Monday, December 2, 2013

Trade Talk Involving Prospects ?

   When the Blue Jays acquired R.A. Dickey, Jose Reyes, and Mark Buehrle without giving up anyone from the major league roster, we were as giddy as the 2 1/2 million fans who went through the turnstiles at the Rogers Centre this season, in anticipation of playoff glory.
   Such was not the case, however, and not only did the Blue Jays not get anywhere close to the post-season, but several of the prospects they gave up in the above deals gave life and hope to their new organizations.  The Mets were buoyed by the acquisition of Noah Syndergaard, who cracked both the Florida State and Eastern League top 10 prospect lists, and started for the American side at the Future Stars game, played at Citi Field during the All-Star break. Catcher Travis d'Arnaud, the Jays top prospect prior to the trade, made his MLB debut late in the season, and while he didn't set the world on fire, he and Syndergaard helped soften the loss of Matt Harvey for Mets fans.
   And the agony for Jays fans doesn't end there.  Outfielder Jake Marisnick made his debut for the Marlins, and Justin Nicolino made the top 10 Florida State League top prospects list as well, and was promoted to AA.
  With rumours abounding that the Jays were considering moving more prospects for Cubs starter Jeff Smardzija, it begs the question of whether or not trading prospects is a good idea.  The answer, of course, depends on the contending status of the team willing to trade them.  The Jays thought that they were on the cusp on contending last fall, and were just a few pieces away from a title.  In that case, improving your roster for players not on your 40 man makes sense.  Prospects, after all, are just that, and the players the Jays dealt away (with the exception of d'Arnaud) didn't fit with the slim window for winning the club was faced with.
And prospects don't always pan out.  Here's a list of Baseball America's minor league players of the year since 2000:
2000Jon Rauch, rhp, Winston-Salem/Birmingham (White Sox)
2001Josh Beckett, rhp, Brevard County/Portland (Marlins)
2002Rocco Baldelli, of, Bakersfield/Orlando/Durham (Devil Rays)
2003Joe Mauer, c, Fort Myers/New Britain (Twins)
2004Jeff Francis, lhp, Tulsa/Colorado Springs (Rockies)
2005Delmon Young, of, Montgomery/Durham (Devil Rays)
2006Alex Gordon, 3b, Wichita (Royals)
2007Jay Bruce, of, Sarasota/Chattanooga/Louisville (Reds)
2008Matt Wieters, c, Frederick/Bowie (Orioles)
2009Jason Heyward, of, Myrtle Beach/Mississippi/Gwinnett (Braves)
2010Jeremy Hellickson, rhp, Durham/Charlotte (Rays)
2011Mike Trout, of, Arkansas (Angels)
2012Wil Myers, of, Northwest Arkansas/Omaha (Royals)

  While that's a decent group of players, you can't call any of them other than Trout franchise players.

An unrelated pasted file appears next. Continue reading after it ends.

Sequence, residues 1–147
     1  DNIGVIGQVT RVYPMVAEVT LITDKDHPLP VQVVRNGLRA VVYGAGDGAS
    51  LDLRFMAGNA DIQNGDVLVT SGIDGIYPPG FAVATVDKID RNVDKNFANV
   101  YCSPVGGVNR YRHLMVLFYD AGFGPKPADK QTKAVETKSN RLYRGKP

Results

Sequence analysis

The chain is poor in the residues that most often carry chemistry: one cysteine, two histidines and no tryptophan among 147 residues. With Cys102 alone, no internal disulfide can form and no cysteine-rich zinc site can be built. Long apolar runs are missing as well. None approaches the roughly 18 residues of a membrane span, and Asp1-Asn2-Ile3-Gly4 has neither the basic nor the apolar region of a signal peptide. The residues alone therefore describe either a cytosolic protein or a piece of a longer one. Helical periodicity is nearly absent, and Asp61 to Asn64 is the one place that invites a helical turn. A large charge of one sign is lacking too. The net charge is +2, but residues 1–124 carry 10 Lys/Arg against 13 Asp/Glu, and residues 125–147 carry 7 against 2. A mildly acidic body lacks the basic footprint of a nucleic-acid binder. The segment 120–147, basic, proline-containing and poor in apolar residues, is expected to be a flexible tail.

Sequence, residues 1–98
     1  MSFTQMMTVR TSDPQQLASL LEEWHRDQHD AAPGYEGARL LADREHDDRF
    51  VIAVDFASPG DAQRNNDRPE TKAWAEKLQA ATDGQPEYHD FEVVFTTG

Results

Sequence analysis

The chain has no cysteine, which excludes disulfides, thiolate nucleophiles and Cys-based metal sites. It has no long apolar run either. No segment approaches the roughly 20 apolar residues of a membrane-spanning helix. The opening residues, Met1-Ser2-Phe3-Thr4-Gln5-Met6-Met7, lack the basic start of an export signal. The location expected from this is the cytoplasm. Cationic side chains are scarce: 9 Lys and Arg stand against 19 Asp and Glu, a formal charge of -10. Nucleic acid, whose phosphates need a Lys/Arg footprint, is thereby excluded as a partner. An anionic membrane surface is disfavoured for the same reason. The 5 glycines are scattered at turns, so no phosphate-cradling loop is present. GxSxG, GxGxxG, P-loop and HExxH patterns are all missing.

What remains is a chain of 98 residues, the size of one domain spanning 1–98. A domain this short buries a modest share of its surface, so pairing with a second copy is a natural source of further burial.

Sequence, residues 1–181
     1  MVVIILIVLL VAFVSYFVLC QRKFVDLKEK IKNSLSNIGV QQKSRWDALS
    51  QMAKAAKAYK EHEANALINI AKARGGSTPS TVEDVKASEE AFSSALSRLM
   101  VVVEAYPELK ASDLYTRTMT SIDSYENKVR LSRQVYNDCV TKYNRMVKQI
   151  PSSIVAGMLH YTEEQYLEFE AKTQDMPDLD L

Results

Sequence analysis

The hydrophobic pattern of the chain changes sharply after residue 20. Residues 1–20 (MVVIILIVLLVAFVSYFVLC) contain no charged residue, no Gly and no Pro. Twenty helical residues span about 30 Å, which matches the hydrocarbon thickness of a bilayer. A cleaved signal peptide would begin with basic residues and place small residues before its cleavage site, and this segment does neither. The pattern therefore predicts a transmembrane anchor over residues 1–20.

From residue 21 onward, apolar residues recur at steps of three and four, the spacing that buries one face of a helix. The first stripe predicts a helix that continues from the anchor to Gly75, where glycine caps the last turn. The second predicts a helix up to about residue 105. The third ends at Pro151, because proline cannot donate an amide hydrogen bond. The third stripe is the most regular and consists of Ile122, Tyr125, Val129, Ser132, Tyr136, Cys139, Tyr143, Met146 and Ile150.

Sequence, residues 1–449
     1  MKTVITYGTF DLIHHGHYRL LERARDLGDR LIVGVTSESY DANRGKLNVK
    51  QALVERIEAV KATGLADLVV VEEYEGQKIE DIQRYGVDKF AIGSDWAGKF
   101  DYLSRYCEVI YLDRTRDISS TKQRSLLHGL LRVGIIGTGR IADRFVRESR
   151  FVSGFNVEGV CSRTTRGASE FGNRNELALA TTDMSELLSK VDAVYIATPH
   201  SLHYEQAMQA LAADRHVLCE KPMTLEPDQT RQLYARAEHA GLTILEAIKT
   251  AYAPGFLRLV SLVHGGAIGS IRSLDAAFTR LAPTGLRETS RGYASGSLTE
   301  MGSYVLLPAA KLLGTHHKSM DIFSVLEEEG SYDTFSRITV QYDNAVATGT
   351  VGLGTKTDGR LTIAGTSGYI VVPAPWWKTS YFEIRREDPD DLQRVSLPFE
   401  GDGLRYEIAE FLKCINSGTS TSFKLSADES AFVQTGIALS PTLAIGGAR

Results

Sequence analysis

Dealing prospects, then, does make sense.  In the right situation.  The risk, of course, is that the players you deal for don't bring about the expected results, and/or the prospects dealt develop faster (or better) than had been thought.  To get quality, you have to give up quality.  Which is why we don't think dealing any of the Jays top prospects for Smardzija is wise.  We're not sure the return is worth it. David Price is the other name attracting a lot of attention in the rumour mill, but Tampa would likely demand several top prospects, and given his recent injury history, we're not sure that's good value, either.  Dealing prospects also can cause problems in the parent club runs into injury troubles, or if a player on the big club struggles.  Nicolino and Syndergaard may not have helped in either of these regards, but Marisnick and d'Arnaud certainly would've.
   There do appear to be two types of trades involving prospects.  There's the to-get-quality-you-have-to-give-up-quality type, as in the Dickey trade.  High-end talents from the system are given up to get a proven, first division major leaguer.  Then there's the quantity type of deal, where a team gives up a flock of minor leaguers, few of whom have high ceilings, but the team acquiring them is in development mode, and is selling off assets that don't fit into their long range plans.  That would be the case the the J.A. Happ deal the Jays made with Houston last year. The Blue Jays also pretty much emptied their farm system in the last half of 2012, in the deals with the Mets, Marlins, and Astros.  They weakened it from both a quality and quantity perspective.  Fortunately, their appears to be a wealth of arms close to making their full season debuts next season, so the system is on the upswing.  To support those players, however, you need to have a solid core of both position player and prospects and quality org guys.   While development takes priority over winning in the minors, you don't want your prized prospects to be on a team that loses twice as many games as they win.
  So, is the time right for the Jays to deal prospects, either from a quality or a quantity viewpoint ?  In our opinion, no.  While the system is on the rise again, it's too early to deal top talent like Sanchez, Stroman, or Davis (especially for someone like Smardzija).  And dealing talent from outside of the top 10 really would weaken the organization.  Most of those players would be toiling at the lower levels of the system, and after the success of Vancouver and Bluefield this year, the club on the next rung of the ladder, Lansing, is poised to have a breakout, prospect-laden season.
 How does the club improve, then?  By pursuing under-valued free agents, and by using some of their bullpen depth at the major league level to acquire an end of the rotation starter, and by hoping for a return to form for Dickey and Brandon Morrow, and that one or both of Sean Nolin or Marcus Stroman make significant contributions to the pitching staff.
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